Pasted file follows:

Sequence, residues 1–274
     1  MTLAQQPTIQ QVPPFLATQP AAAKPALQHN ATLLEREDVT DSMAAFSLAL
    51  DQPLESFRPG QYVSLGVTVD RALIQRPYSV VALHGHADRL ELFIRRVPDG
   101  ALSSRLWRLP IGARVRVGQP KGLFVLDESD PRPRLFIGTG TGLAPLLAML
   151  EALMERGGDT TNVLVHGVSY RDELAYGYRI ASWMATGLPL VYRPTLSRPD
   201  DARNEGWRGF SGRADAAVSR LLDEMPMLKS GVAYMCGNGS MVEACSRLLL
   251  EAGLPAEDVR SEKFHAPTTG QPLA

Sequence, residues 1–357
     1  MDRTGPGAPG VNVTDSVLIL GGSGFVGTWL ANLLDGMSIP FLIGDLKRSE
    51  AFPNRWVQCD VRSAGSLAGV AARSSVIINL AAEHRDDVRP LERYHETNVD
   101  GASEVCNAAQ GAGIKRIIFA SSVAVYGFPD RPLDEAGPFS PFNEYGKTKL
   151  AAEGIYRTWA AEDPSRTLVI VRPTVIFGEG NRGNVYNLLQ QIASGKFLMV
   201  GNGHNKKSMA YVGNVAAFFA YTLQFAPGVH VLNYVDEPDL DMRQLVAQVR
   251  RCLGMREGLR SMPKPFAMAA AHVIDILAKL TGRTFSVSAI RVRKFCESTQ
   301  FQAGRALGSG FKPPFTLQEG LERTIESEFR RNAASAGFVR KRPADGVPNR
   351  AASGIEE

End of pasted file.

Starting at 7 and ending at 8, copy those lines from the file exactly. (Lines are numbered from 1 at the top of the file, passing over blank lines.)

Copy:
   251  EAGLPAEDVR SEKFHAPTTG QPLA

Sequence, residues 1–357